Journal of virology

Dimerization of flavivirus NS4B protein.

PMID 24390334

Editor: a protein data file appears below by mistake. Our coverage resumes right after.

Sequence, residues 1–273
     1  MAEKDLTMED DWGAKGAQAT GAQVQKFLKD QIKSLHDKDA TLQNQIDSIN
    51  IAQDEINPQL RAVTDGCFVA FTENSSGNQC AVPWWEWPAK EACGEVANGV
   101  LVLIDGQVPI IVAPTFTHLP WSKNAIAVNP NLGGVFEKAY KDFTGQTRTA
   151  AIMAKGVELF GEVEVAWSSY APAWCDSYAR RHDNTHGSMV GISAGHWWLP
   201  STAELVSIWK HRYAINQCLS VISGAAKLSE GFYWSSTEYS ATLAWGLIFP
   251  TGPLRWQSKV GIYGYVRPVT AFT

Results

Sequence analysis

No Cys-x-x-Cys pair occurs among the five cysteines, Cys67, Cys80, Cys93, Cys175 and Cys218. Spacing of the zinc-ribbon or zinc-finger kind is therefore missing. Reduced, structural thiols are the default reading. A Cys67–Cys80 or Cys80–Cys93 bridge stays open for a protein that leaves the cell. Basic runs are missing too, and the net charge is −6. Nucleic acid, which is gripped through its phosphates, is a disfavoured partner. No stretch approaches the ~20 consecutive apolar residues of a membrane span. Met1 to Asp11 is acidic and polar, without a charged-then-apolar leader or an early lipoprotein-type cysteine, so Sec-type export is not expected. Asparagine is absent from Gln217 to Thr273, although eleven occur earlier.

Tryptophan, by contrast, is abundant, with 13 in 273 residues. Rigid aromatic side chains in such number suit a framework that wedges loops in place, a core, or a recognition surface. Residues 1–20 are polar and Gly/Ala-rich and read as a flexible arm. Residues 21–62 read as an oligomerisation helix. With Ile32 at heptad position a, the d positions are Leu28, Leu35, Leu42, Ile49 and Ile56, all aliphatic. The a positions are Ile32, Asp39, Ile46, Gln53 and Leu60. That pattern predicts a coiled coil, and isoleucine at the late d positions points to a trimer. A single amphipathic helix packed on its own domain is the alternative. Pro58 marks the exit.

Flavivirus replication is mediated by a complex machinery that consists of viral enzymes, nonenzymatic viral proteins, and host factors. Many of the nonenzymatic viral proteins, such as NS4B, are associated with the endoplasmic reticulum membrane. How these membrane proteins function in viral replication is poorly understood. Here we report a robust method to express and purify dengue virus (DENV) and West Nile virus NS4B proteins. The NS4B proteins were expressed in Escherichia coli, reconstituted in dodecyl maltoside (DDM) detergent micelles, and purified to >95% homogeneity. The recombinant NS4B proteins dimerized in vitro, as evidenced by gel filtration, chemical cross-linking, and multiangle light scattering experiments. The dimeric form of NS4B was also detected when the protein was expressed alone in cells as well as in cells infected with DENV type 2 (DENV-2). Mutagenesis analysis showed that the cytosolic loop (amino acids 129 to 165) and the C-terminal region (amino acids 166 to 248) are responsible for NS4B dimerization. trans-Complementation experiments showed that (i) two genome-length RNAs containing distinct NS4B lethal mutations could not trans-complement each other, (ii) the replication defect of NS4B mutant RNA could be restored in cells containing DENV-2 replicons, and (iii) expression of wild-type NS4B protein alone was not sufficient to restore the replication of the NS4B mutant RNA. Collectively, the results indicate that trans-complementation of a lethal NS4B mutant RNA requires wild-type NS4B presented from a replication complex. The reported expression and purification system has made it possible to study the biochemistry and structure of flavivirus NS4B proteins. The finding of flavivirus NS4B dimerization and the mapping of regions important for NS4B dimerization provide the possibility to inhibit viral replication through blocking NS4B dimerization. The requirement of NS4B in the context of the replication complex for successful trans-complementation enhances our understanding of NS4B in flavivirus replication.